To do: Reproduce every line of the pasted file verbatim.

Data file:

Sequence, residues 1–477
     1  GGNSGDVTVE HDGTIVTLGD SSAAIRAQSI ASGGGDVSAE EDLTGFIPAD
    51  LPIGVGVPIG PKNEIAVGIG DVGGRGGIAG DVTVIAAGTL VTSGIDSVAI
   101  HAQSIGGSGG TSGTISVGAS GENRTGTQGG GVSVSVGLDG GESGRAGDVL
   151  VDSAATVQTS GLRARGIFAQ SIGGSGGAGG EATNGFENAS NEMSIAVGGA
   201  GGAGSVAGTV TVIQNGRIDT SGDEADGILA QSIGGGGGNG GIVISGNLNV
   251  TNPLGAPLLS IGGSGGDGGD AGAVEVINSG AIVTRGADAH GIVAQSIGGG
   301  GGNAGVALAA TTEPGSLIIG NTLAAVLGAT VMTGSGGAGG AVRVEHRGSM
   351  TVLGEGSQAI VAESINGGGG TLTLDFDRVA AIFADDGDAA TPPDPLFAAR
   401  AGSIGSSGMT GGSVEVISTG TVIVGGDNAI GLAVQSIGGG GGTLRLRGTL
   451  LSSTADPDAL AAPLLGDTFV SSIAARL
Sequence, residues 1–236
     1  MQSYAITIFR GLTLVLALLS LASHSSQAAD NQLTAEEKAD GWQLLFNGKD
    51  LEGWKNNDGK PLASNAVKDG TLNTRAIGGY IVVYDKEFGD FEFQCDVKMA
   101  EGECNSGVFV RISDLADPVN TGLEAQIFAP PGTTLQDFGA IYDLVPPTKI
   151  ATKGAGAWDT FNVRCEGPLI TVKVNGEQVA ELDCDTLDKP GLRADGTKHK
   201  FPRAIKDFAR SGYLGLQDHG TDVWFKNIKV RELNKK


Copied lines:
Sequence, residues 1–477
     1  GGNSGDVTVE HDGTIVTLGD SSAAIRAQSI ASGGGDVSAE EDLTGFIPAD
    51  LPIGVGVPIG PKNEIAVGIG DVGGRGGIAG DVTVIAAGTL VTSGIDSVAI
   101  HAQSIGGSGG TSGTISVGAS GENRTGTQGG GVSVSVGLDG GESGRAGDVL
   151  VDSAATVQTS GLRARGIFAQ SIGGSGGAGG EATNGFENAS NEMSIAVGGA
   201  GGAGSVAGTV TVIQNGRIDT SGDEADGILA QSIGGGGGNG GIVISGNLNV
   251  TNPLGAPLLS IGGSGGDGGD AGAVEVINSG AIVTRGADAH GIVAQSIGGG
   301  GGNAGVALAA TTEPGSLIIG NTLAAVLGAT VMTGSGGAGG AVRVEHRGSM
   351  TVLGEGSQAI VAESINGGGG TLTLDFDRVA AIFADDGDAA TPPDPLFAAR
   401  AGSIGSSGMT GGSVEVISTG TVIVGGDNAI GLAVQSIGGG GGTLRLRGTL
   451  LSSTADPDAL AAPLLGDTFV SSIAARL
Sequence, residues 1–236
     1  MQSYAITIFR GLTLVLALLS LASHSSQAAD NQLTAEEKAD GWQLLFNGKD
    51  LEGWKNNDGK PLASNAVKDG TLNTRAIGGY IVVYDKEFGD FEFQCDVKMA
   101  EGECNSGVFV RISDLADPVN TGLEAQIFAP PGTTLQDFGA IYDLVPPTKI
   151  ATKGAGAWDT FNVRCEGPLI TVKVNGEQVA ELDCDTLDKP GLRADGTKHK
   201  FPRAIKDFAR SGYLGLQDHG TDVWFKNIKV RELNKK